Wikimedia Executive Director on the Aftermath of the SOPA Protest

Sue Gardner, the Executive Director of the Wikimedia Foundation wrote a rather lengthy thank-you note to those in the Internet community that got involved in the blackout of the popular online site. While we can't list every one, we did note her thanks to GamePolitics contributor Dan Rosenthal, and the 1,800 English Wikipedia users who convinced the site to go dark.

While the thank-you's might make people feel warm and fuzzy inside, my favorite part of Gardner's note is nailing what the whole protest was really about. The mainstream media, who couldn't even bother to look past their own interests long enough to do their jobs prior to the blackout, are trying to frame it as a battle in a war between Old Media v. New Media, or Hollywood v. Silicon Valley. Once again they miss the point and they miss the real take-away. I'll let Garner explain it:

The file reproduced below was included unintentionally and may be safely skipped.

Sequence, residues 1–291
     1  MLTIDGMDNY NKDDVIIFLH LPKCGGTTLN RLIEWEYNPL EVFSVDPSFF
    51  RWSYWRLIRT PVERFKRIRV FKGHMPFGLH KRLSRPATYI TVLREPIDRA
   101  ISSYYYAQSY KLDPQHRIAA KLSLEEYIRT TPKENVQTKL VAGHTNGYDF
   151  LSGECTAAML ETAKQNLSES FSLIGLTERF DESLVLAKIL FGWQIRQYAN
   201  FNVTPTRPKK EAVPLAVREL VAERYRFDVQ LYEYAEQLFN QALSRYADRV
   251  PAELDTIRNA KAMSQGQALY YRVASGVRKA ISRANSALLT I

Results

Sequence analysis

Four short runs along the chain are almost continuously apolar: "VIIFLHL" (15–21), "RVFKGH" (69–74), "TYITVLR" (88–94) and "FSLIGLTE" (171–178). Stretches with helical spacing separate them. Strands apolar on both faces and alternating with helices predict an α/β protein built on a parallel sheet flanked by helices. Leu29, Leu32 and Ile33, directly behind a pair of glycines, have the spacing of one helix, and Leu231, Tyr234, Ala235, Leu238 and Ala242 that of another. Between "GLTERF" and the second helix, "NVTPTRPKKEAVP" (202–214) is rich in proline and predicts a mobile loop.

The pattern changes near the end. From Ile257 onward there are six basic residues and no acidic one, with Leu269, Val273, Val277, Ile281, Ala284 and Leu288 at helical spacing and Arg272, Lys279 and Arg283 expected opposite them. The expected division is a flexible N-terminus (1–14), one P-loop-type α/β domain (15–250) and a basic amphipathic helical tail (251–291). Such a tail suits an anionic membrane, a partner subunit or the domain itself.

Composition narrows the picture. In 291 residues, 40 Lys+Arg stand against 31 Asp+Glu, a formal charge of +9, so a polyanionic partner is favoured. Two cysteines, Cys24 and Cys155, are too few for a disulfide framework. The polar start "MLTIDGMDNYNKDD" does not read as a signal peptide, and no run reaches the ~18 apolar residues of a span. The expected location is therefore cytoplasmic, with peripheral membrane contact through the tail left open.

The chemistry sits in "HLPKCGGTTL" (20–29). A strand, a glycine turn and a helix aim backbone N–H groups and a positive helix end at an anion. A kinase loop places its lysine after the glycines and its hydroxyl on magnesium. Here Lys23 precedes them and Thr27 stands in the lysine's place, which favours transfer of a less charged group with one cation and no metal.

"Wikipedia’s involvement in the fight against SOPA proves this wasn’t about powerful interest groups, and it wasn’t about money. Wikipedia is operated, and not controlled, by a non-profit — it’s got no corporate interests to protect and it doesn’t make any money from piracy or copyright infringement. It’s written by ordinary people. Reddit is a bunch of people sharing links and talking about them. Metafilter is the same. Tumblr, Craigslist, the Cheezburger network, The Oatmeal, 4chan, These are not mega-corporations.

The Internet has been giving ordinary people access to the means of production for more than fifteen years. Sometimes we use it to create pictures of cute cats. Sometimes it’s the world’s largest encyclopedia. Sometimes, we bring down corrupt regimes.

What happened yesterday is that around the world, Internet users found their voice — fighting back against people who wanted to threaten their freedoms. It is true that copyright infringement poses a problem, and it’s reasonable that those affected want to get their problem solved. But their problem is not more important than the ability of ordinary people to express themselves, to share and to learn."

It also helped that this happened in an election year, where politicians who want to hold onto their jobs for another term are more nervous than long-tailed cats in rooms full of rocking chairs..

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